Did you know that a MILLPWR is being used to create classic aircraft parts in an Alaskan machine shop?


N1331H Photo courtesy of Matt & Monica Sieber; Switzerland

N1331H Photo courtesy of Matt & Monica Sieber; Switzerland

An ACU-RITE MILLPWR control has been a critical production component in Burl’s Aircraft, LLC machine shop since the year 2000. Making aircraft parts, including parts for the classic Aeronca Sedan light aircraft (originally built in 1949-1951) and now manufacturing an entirely new updated version of it called the AeroSedan Model 15AC, Burl’s Aircraft, LLC is helping to keep this classic aeronautical tradition alive.

“We have customers all over the world that still own and use classic light aircrafts, and we are happy to support them,” explained Burl Rogers, company owner. “I have a special love for the Aeronca Sedan, a 4-place aircraft,” added Burl. He explained that his own father bought one in 1956 in which he was given flying lessons as a teenager by his father while traveling on hunting and fishing trips in their home state of Alaska.

Burl served in the Alaska Air Guard where he was a mechanic from 1962-1968. In 1982, he started his own light aircraft maintenance business with the knowledge and skills to do the job. In 1996, Burl quit doing maintenance and devoted full time to manufacturing. In the year 2000, while visiting new and used equipment dealers on the West Coast with his wife, Burl witnessed a demonstration of an ACU-RITE MILLPWR in action. “After the demonstration, I asked her what she thought, and she told me ‘you need to buy that’, as it was clear the benefits this MILLPWR would provide to our company’s milling capabilities,” explained Burl. “So, we purchased the MILLPWR II. It was obvious that this would allow us to update our operation and machine basically anything that had a shape to it, and it has!”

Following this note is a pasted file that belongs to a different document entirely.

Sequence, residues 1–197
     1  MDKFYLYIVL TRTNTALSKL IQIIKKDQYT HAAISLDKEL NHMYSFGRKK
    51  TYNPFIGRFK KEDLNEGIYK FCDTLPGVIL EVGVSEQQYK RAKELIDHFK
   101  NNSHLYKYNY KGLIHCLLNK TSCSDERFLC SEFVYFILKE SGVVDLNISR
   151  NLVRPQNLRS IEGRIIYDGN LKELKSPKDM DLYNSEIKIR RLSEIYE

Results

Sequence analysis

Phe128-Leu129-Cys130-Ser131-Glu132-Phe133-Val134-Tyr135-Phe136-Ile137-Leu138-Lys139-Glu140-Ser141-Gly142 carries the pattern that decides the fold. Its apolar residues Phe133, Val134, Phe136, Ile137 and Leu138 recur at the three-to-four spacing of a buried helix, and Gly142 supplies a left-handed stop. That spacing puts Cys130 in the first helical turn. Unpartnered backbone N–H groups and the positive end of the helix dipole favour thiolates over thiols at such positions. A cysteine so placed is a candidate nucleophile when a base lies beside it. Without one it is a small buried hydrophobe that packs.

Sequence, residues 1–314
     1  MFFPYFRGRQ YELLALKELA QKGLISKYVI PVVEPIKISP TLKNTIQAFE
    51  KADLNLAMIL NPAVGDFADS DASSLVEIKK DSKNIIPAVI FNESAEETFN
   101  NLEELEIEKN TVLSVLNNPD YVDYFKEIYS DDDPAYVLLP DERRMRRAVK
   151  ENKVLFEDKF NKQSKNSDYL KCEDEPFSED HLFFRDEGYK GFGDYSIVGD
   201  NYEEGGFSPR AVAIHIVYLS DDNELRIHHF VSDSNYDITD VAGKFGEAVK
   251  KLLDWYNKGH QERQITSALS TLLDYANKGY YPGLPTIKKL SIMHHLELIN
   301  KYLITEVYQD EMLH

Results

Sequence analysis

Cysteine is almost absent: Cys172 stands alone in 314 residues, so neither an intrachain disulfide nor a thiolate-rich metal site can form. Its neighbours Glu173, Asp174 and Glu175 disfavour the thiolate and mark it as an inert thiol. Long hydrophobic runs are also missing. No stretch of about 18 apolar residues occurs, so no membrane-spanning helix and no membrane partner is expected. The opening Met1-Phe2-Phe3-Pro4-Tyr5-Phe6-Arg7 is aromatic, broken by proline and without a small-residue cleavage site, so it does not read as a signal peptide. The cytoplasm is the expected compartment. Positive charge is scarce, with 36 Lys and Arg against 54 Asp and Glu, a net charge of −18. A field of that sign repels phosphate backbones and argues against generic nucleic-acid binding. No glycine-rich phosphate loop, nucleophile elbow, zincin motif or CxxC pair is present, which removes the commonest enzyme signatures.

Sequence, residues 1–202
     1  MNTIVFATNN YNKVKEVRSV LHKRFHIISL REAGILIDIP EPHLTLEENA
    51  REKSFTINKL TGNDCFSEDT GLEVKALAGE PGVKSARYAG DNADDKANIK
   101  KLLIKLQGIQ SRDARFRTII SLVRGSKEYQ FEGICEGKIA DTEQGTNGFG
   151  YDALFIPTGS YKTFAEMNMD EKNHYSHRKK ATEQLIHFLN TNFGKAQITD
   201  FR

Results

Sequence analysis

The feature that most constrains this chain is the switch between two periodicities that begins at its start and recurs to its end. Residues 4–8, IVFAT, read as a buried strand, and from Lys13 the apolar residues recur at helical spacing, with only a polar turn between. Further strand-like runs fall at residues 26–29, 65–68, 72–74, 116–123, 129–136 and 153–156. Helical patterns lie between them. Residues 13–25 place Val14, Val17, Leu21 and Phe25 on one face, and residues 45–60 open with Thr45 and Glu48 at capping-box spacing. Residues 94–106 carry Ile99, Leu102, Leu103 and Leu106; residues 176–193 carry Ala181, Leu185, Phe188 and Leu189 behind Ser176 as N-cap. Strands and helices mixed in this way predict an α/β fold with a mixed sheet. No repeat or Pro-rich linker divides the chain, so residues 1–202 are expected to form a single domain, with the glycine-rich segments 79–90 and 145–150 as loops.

Burls action wAR IMG_4303Today, Burl’s Aircraft, LLC is producing FAA-approved parts for classic and current general aviation aircraft using the MILLPWR, including parts necessary for landing gear, flight control surfaces, a sub-assembly brake torque flange, engine mount brackets and a new design fuel cell screen to name a few. They also use the MILLPWR in manufacturing special tooling that is required to complete the fabrication of the parts for these planes. And, of course, they are now also making parts needed for the new AeroSedan Model 15AC aircraft that will be a modified version of the original Aeronca 15AC Sedan but updated to today’s FAA safety standards. Parts for the legacy fleet in the field are also produced.

“Our goal is to have one of these classic models completed and ready for sale in 2019!” shared Burl who is excited to see this aircraft legacy live on. “Out of the 561 original Aeronca Sedans built almost 70 years ago, the FAA registry lists 255 left with 220 still flying, going to show that if you take care of your equipment, it will take care of you!

“That statement also applies to our machine shop as well and the ongoing use of the ACU-RITE MILLPWR control,” added Burl who says it continues to be used regularly. “We do a lot of things with it, including making some parts that have to be regenerated from drawings. We put those into AUTO CAD, then get a DXF file and get a flat pattern, and often can cut that right on the mill. “One of the greatest features is the ‘Teach’ control. It saves time in doing a one-only part by eliminating the drawing and .dxf file.”

Burls IMG_4193Burl’s Aircraft fuel screens, for example, are made using the MILLPWR. These parts have eight rows of 20 holes, staggered every 45 degrees. They fit inside the fuel cell in the aircraft wing.

“Cessna sells their fuel screens for $800-$1,200 each,” said Burl. “Our FAA-Approved Cessna replacement fuel screen is made all from one piece. Testing proved our screen out flowed the original part by three gallons per hour. Retail cost for our screen is only $195. We can’t keep these parts in stock!

“To make these on the MILLPWR, all we have to do is insert the data, establish datum and make sure the Z-axis travel is at right depth. You load material and push a button, then watch it drill 20 holes, rotate the indexer and do the next rows until complete. I’ve even had my wife come down and drill the fuel screens when necessary!”

Burl goes on to explain how ‘intuitive’ and ’easy to use’ he believes the MILLPWR is. “This is one of the best, most economical, control systems I’ve seen. I can actually turn somebody loose on it that’s relatively new in the field. I have them study the operation manual to become familiar with the system and then perform the DEMO run in the manual on the mill. They can become productive very quickly! It has been and continues to be a great production and business investment for me.”

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